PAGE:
Bayesian Network Analysis reveals resilience of the jellyfish Aurelia aurita to an Irish Sea regime shift
Abstract: Robust time-series of direct observations of jellyfish abundance are not available for many ecosystems, leaving it difficult to determine changes in jellyfish abundance, the possible causes (e.g. climate change) or the consequences (e.g. trophic cascades). We sought an indirect ecological route to reconstruct jellyfish abundance in the Irish Sea: since zooplankton are jellyfish prey, historic variability in zooplankton communities may provide proxies for jellyfish abundance. We determined the Bayesian ecological network of jellyfish–zooplankton dependencies using jellyfish- and zooplankton-abundance data obtained using nets during a 2-week cruise to the Irish Sea in 2008. This network revealed that Aurelia aurita abundance was dependent on zooplankton groups Warm Temperate and Temperate Oceanic as defined by previous zooplankton ecology work. We then determined historic zooplankton networks across the Irish Sea from abundance data from Continuous Plankton Recorder surveys conducted between 1970 and 2000. Transposing the 2008 spatial dependencies onto the historic networks revealed that Aurelia abundance was more strongly dependent over time on sea surface temperature than on the zooplankton community. The generalist predatory abilities of Aurelia may have insulated this jellyfish over the 1985 regime shift when zooplankton composition in the Irish Sea changed abruptly, and also help explain its globally widespread distribution.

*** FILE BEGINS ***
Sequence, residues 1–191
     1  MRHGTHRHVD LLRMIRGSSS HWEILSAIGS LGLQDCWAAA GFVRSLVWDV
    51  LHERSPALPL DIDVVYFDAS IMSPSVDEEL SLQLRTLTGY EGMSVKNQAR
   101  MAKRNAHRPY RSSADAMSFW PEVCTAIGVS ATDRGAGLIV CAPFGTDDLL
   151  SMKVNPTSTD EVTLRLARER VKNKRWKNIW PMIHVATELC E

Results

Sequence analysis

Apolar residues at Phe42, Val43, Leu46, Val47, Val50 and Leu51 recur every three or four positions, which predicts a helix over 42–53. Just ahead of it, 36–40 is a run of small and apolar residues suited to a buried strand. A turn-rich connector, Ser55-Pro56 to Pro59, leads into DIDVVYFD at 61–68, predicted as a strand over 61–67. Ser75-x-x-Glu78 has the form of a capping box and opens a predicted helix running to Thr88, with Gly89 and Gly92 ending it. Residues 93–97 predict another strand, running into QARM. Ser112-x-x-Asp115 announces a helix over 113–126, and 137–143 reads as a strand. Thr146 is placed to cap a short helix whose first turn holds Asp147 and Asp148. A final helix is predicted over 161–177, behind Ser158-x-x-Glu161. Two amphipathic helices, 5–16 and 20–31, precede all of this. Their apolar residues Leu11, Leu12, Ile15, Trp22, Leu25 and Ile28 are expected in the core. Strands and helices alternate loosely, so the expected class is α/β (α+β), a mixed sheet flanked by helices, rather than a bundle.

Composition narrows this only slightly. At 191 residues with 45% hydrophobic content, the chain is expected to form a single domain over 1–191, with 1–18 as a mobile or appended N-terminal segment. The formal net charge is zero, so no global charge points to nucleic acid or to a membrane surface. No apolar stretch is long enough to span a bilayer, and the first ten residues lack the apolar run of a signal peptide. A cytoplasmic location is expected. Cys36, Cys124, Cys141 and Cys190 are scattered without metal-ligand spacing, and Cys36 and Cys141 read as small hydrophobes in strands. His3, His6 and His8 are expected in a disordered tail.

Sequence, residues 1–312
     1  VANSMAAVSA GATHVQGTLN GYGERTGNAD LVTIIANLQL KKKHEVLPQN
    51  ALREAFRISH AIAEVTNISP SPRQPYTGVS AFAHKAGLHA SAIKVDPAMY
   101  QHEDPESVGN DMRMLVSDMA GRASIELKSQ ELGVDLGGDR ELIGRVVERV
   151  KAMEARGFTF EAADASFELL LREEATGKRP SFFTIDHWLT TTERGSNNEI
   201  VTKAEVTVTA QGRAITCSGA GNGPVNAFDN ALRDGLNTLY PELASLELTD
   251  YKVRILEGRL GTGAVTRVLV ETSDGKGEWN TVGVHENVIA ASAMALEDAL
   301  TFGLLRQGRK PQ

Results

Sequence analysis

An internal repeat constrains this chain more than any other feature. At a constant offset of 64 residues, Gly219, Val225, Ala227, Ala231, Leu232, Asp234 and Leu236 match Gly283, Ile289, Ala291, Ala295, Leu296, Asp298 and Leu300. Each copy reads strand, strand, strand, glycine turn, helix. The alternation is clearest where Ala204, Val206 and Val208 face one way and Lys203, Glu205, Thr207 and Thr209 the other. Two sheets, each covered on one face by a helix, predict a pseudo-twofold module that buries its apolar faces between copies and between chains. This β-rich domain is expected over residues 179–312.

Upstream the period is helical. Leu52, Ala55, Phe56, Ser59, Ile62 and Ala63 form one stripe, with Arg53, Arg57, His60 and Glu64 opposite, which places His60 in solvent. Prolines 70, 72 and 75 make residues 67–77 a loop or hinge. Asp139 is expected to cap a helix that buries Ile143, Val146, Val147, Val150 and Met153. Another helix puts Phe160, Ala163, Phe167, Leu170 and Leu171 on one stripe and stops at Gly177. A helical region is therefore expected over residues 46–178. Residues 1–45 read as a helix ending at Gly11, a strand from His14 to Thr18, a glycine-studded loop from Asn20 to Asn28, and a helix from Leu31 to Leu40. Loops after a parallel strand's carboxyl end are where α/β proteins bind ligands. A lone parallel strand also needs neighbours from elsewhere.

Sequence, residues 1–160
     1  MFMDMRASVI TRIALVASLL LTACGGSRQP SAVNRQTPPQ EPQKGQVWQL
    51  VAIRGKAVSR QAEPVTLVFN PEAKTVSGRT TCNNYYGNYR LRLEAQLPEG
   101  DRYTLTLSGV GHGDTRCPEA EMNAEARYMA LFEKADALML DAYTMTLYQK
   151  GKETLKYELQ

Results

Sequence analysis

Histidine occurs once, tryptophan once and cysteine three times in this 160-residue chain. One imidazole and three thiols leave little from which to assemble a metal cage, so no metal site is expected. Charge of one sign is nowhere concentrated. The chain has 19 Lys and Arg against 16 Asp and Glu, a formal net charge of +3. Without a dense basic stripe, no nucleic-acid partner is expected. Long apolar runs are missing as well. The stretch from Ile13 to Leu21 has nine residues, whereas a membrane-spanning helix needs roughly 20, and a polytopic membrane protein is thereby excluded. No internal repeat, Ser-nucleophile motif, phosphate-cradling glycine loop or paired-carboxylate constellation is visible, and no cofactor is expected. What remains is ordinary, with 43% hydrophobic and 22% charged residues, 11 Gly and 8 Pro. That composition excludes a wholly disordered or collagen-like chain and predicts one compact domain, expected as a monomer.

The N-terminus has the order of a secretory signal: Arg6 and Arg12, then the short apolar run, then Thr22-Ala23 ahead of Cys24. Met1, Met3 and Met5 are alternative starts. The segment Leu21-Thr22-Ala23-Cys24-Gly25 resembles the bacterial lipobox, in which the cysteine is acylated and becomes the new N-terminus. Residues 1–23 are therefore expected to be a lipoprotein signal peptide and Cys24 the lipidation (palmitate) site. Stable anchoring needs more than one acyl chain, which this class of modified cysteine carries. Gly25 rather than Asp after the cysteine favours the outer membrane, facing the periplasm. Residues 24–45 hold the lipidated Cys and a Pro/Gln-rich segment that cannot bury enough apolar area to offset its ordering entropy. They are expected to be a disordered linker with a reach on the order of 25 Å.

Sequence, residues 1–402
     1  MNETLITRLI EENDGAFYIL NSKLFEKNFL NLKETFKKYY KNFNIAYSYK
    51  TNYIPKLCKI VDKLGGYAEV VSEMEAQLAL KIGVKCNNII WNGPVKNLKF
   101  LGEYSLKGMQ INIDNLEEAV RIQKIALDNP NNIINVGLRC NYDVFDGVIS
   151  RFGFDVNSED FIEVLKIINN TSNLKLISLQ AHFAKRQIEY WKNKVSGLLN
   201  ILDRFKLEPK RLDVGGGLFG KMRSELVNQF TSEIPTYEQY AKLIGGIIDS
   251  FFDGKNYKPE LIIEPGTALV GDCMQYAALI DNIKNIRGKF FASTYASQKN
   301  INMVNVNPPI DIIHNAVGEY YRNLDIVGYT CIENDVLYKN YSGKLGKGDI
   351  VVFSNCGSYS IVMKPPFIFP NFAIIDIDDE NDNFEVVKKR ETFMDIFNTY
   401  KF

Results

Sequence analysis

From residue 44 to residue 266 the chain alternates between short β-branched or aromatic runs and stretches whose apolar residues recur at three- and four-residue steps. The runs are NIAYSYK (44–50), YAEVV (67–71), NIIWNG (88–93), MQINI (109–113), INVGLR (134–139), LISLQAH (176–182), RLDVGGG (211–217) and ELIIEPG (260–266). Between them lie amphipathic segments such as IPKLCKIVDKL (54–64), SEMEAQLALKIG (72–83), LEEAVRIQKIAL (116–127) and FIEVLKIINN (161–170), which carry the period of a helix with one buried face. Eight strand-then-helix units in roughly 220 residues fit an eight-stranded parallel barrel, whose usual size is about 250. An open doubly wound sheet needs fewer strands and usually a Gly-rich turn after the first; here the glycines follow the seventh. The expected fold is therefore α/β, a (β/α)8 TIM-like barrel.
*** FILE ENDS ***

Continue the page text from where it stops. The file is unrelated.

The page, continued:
Natural Environment Research Council (NE/S014756/1, NE/E010350/1)